Coronavirus fails to pull down Italy’s demand significantly
Federica Di Sario
LONDON (ICIS)–The Italian wholesale electricity market has so far avoided major losses following the outbreak of the Coronavirus in the country, the strongest so far across Europe.
This is despite countrywide shutdowns of public areas, such as schools and workplaces.
DEMAND REACTS SLOWLY
Differently from what may have been expected, neither gas nor power demand appeared particularly affected by the outbreak, as energy-hungry industrial users and power plants have remained largely in place.
Power load averaged 37.14GW from 1 February to 22 February, while it stood at an average of 36.95GW from 23 February to 4 March, as showed by data from grid operator Terna.
The date of 23 February was selected to assess a potential demand slump as the first decree containing preventive measures was published on that day.
As for gas, domestic demand inched down after the virus gained traction and measures started to be adopted.
Data from grid operator SNAM Rete Gas showed that gas demand averaged 2,800GWh or 260 million cubic metres (mcm) per day from 1 February to 22 February, and settled around 2,600GWh (241mcm) per day between 23 February and 4 March.
Historical data for the period between 23 February – 4 March since 2015 showed that both gas and power demand were significantly higher on average, with gas demand averaging 4,200GWh (390mcm) and electricity load 37.46TWh.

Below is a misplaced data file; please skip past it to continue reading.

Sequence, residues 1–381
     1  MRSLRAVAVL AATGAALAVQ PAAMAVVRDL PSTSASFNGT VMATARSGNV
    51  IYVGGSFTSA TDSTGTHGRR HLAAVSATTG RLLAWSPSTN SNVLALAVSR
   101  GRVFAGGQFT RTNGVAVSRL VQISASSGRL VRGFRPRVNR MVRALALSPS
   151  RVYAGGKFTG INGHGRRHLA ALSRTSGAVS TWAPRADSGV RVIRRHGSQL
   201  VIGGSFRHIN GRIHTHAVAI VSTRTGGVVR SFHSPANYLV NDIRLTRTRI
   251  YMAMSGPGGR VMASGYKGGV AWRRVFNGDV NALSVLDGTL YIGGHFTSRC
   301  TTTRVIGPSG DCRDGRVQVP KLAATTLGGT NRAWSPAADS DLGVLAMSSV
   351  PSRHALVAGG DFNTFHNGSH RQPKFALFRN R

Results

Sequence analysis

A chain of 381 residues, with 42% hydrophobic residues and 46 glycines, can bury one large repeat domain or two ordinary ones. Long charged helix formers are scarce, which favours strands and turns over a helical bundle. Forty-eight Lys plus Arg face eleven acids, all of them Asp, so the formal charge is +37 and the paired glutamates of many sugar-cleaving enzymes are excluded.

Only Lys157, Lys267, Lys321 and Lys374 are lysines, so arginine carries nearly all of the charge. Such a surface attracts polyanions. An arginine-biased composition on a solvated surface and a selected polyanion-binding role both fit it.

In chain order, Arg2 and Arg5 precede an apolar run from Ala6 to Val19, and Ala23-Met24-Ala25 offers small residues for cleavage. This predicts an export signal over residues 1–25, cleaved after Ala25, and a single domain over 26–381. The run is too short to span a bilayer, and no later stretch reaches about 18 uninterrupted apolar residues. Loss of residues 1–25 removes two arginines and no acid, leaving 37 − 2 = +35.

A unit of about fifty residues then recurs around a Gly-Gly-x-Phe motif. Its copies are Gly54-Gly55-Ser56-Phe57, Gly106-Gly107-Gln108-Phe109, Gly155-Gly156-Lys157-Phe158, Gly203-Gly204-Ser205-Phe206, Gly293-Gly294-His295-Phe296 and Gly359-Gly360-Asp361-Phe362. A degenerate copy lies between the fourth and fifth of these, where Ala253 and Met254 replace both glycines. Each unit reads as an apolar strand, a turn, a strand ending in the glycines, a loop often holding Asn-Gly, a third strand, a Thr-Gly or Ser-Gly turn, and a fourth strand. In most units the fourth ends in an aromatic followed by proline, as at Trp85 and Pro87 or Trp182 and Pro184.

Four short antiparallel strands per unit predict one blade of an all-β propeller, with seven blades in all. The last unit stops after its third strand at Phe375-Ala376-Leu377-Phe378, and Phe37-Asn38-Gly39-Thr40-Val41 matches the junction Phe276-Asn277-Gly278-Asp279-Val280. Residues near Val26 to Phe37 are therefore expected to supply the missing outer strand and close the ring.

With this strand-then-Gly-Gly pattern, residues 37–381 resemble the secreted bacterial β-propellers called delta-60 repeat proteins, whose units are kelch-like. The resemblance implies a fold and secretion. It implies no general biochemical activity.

Nevertheless, the more significant gap in gas demand looks mostly due to record high demand in 2015.
Overall, energy demand after 23 February has not suffered as much as could have been anticipated.
A BIGGER IMPACT ON THE HORIZON
With Italy’s power demand staying little changed, the virus has so far had no major impact on wholesale power prices.
But the Italian front-quarter contract has fallen in the recent sessions.
According to Confindutria, Italy’s leading manufacturers’ lobby, industrial output could be expected to slow down in Q2 ’20.
The Italian Q2 ’20 product fell 6% since 24 February. It is possible to expect further downside as the contract approaches expiry at the end of March.
Out of the three contracts making up the Italian Q2 ’20, June ’20 posted the biggest losses.
Despite the magnitude of the virus outbreak in the country, Italian traders are still reluctant to quantify the potential impact on power prices.
The majority of traders polled by ICIS excluded any correlation between ongoing bearishness and lower-than-expected demand due to preventive measures.
“Prices are quite down but it does not seem to be linked much to demand – 0.6-1.2GW is not that much,” a trader said, adding the bearishness had more to do with surging hydro rather than with squeezed demand.
“So far industrial demand has not been impacted very much. When and if it does, we will see a different scenario,” he said.
Meanwhile, an amendment to the initial decree of 23 February extended school and publish spaces closure until 15 March.
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